Ernest Codman: A pioneer of health outcomes

Picture of Suzie Creighton

Published on 22 December 2022 at 08:47

by Suzie Creighton

Ernest Codman

Born in Massachusetts in 1869, Ernest Codman is known as the ‘Father of Outcome Management’. He worked as a clinician and still influences Quality Improvement (QI) to this day. Ernest Codman trained as a surgeon and made it his lifelong work to follow up on his patients after their treatment and systematically record their outcomes.


He was way ahead of his time a pioneer in safety science and QI, studying and analysing the outcomes of surgical care in the pursuit of excellent quality and patient outcomes.


Whereas most of the quality heroes we’ve been exploring in this series of articles worked in the manufacturing and process industries, Codman developed quality theories specifically for healthcare while working as a surgeon, carrying out ground-breaking work in healthcare way ahead of his time.


Acknowledged by many as the ‘founder of outcomes-based patient care’, he believed that such information on patient outcomes should be made public in order to guide patient choice.


Let’s find out more about his background and influences. Let's see what drove him to become such a pioneer in the field of quality in healthcare.



His background

Ernest Amory Codman MD was born in Boston, Massachusetts in 1869. He graduated from Harvard Medical School in 1895, going on to work at Massachusetts General from 1902 to 1914.


Codman was a pioneer in many areas throughout his career. He became interested in the newly discovered x-rays in 1895 and became a radiologist at the Boston Children’s Hospital in 1899. While a junior surgeon at Massachusetts General, he became interested in the shoulder, and published many papers on the subject. Indeed, even today, we remember him in phrases such as ‘Codman’s test’ and Codman’s exercises, in relation to shoulder operations and post shoulder operation care.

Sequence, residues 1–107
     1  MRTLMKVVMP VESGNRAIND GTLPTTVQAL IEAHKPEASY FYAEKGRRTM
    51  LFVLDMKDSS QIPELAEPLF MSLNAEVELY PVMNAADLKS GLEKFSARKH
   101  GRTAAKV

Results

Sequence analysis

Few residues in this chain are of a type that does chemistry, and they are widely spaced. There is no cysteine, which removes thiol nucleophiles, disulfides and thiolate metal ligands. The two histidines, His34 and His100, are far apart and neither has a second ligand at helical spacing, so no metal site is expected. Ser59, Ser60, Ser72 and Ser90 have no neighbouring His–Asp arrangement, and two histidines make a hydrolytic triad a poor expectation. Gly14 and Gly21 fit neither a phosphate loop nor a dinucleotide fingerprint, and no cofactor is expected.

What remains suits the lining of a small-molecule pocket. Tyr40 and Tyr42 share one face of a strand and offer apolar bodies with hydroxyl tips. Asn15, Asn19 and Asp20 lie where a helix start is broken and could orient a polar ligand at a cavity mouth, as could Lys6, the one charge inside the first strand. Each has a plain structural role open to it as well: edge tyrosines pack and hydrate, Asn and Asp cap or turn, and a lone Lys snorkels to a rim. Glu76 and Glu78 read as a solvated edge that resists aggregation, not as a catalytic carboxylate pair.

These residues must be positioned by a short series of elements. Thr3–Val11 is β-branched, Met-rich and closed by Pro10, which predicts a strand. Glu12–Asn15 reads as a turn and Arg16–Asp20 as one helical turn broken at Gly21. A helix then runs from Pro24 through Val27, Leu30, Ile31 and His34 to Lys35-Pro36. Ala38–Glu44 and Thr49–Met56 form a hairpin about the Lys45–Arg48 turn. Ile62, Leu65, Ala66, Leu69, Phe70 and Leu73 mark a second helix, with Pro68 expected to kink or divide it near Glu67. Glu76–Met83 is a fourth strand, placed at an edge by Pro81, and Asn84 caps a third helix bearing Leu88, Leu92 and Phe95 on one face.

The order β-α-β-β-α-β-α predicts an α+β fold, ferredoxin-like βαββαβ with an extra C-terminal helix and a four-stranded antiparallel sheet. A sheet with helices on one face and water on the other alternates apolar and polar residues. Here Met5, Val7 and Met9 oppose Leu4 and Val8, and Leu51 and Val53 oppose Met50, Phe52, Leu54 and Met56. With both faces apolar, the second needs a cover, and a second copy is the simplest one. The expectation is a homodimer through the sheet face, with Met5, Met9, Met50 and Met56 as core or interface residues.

His pioneering work as a surgeon at Massachusetts General Hospital was ground breaking at the time. He made it his mission to follow up on his patients after their treatment and systematically record their outcomes. He noted errors and linked these to outcomes to ensure they did not happen again.


However, when he shared his pioneering work of collecting outcomes data, it did not make him popular with his peers and ruffled many feathers.


In 1911 Codman left the Massachusetts General Hospital to set up his small hospital, known as the ‘End Results Hospital’. He started to collect patients’ outcome data, analysed it, shared it with patients and started to publish his results. We’ll find out more about the hospital later on in the article.